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Eugene O'Neil-Long Day's Journey Into Night

            O'Neill and Family Through the Lens of Long Day's Journey into Night .
             The family of Eugene O'Neill is what Long Day's Journey into Night is truly about. This touching play served O'Neill as a means to document, establish, embellish, and immortalize his pain, suffering, and trials within himself and his family. For the most part what O'Neill wrote was largely true, although there are some instances where something of a "poetic license- was taken in relating the facts. The basis of this play was not for monetary gain, fame, success or even notoriety, but for self-realization. O'Neill had a deep-felt need to relate and even expunge himself of so much of what was always on his mind.
             Long Day's Journey into Night was written in 1939, while Eugene's last "formal- play that was produced was in 1934. (Gelb 3). This lends credence to the fact that Long Day's Journey into Night was indeed written for himself, as a necessity rather than as another production in his professional life. Another aspect of this play that bears great relevance to determining O'Neill's motivation and drive for it is a quote from O'Neill's wife "He explained to me that he had to write the play, he had to write it because it was a thing that haunted him and he had to forgive his family and himself."" Lastly, there is the fact that O'Neill had it put in his will that Long Day's Journey into Night was not to be released until three years after his death. All of this irrefutably demonstrating the fact that O'Neill's creation of Long Day's Journey into Night was an internal drive, an intrinsic need to chronicle the trials of his life and those around him. Throughout O'Neill's works there are !.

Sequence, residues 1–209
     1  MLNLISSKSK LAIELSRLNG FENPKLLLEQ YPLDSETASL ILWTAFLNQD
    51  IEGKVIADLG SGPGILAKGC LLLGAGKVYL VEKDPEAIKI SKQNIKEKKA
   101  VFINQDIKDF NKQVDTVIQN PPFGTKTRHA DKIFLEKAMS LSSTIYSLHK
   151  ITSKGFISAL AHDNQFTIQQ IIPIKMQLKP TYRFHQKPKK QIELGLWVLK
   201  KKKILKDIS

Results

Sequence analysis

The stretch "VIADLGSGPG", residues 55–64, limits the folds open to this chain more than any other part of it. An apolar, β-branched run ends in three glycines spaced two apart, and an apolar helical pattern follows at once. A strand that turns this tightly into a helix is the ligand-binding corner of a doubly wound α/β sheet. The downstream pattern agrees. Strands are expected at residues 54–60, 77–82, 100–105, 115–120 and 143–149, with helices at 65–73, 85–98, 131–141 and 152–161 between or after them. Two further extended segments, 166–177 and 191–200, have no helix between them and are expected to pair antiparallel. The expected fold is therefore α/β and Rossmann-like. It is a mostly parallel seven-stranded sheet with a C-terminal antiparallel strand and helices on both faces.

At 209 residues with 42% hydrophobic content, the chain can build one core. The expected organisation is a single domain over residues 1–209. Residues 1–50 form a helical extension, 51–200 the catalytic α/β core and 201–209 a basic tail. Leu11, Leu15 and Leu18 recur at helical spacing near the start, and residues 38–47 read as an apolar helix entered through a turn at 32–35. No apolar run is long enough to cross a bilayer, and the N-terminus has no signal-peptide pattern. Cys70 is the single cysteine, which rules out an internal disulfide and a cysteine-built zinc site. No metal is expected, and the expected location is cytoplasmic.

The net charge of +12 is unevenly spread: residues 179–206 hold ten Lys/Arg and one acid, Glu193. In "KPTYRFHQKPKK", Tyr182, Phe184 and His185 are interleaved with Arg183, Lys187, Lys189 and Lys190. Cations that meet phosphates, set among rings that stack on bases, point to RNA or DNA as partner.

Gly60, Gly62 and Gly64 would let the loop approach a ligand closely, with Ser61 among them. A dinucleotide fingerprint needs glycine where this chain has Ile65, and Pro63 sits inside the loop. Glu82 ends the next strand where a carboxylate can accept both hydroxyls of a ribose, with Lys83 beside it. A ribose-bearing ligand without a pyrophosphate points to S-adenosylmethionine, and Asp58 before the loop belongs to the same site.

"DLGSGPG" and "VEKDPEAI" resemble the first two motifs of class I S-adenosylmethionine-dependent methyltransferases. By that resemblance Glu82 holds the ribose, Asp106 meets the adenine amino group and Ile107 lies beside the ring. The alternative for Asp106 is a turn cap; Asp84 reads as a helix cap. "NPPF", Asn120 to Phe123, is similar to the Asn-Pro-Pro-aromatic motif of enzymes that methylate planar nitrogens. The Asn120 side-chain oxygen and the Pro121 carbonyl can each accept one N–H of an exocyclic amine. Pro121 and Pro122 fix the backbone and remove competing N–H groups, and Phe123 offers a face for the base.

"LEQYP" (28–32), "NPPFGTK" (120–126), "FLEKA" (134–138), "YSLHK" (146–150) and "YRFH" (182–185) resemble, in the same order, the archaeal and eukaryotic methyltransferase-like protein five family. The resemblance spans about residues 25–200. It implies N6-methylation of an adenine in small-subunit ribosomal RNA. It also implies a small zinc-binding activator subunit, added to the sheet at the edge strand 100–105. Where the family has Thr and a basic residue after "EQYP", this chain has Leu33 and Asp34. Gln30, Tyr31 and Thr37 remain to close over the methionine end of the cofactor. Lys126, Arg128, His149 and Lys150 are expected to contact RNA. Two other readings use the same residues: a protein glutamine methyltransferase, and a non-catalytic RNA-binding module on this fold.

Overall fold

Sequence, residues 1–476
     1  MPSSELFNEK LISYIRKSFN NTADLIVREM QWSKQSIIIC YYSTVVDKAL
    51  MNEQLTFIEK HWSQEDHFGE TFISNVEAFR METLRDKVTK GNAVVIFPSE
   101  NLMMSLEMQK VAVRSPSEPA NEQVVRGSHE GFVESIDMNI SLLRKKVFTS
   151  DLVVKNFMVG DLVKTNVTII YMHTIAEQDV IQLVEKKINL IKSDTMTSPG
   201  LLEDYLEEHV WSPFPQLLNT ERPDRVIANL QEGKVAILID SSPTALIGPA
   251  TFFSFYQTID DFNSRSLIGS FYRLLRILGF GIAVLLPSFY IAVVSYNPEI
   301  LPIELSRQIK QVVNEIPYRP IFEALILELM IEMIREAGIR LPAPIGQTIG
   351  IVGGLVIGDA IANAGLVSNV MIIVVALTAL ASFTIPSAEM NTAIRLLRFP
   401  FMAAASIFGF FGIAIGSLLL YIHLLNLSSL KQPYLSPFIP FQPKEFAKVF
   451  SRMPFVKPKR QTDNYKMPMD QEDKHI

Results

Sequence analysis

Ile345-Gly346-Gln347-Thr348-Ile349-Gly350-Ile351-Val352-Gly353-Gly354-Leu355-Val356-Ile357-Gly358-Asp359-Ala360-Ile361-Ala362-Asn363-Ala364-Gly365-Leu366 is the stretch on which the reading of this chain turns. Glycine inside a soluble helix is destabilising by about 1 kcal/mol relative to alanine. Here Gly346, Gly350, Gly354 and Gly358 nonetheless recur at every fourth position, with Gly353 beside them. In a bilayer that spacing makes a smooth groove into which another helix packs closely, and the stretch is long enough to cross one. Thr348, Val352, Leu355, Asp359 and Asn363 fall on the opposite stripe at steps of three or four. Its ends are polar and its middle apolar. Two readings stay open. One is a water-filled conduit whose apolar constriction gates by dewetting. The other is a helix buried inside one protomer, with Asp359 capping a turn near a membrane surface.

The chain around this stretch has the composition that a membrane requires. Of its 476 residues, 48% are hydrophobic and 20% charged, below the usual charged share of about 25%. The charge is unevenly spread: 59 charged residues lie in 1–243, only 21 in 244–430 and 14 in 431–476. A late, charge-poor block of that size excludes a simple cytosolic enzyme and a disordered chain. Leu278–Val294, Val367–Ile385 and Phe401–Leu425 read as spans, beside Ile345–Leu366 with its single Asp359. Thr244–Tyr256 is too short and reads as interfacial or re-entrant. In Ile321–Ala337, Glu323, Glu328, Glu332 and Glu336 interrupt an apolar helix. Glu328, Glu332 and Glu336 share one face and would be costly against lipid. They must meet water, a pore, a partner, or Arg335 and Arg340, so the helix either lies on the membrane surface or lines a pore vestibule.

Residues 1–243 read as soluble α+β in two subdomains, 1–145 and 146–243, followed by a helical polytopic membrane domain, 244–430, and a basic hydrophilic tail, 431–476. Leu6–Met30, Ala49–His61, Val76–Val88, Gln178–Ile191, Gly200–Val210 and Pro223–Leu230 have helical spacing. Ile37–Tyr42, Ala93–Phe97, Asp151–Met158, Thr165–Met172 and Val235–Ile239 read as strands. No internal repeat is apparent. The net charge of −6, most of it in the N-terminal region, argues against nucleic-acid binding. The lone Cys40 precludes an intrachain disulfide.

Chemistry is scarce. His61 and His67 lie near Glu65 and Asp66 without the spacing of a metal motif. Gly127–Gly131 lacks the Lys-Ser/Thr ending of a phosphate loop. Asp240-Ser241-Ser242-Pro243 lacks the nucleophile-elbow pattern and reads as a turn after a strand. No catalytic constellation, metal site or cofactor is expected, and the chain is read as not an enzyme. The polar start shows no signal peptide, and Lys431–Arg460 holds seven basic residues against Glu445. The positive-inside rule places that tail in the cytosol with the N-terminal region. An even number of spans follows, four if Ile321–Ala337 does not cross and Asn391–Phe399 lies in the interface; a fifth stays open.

often thinly veiled references to members of his family, but none to pointed or open for fear of alienating his own family. The key event that finally broke the ice and leveled the playing field for O'Neill, as far was writing about family, was the death of Jamie, his brother (Gleb 534) Even so, Eugene still wanted Long Day's Journey into Night to be held for three years after his death before being made public for all to read.

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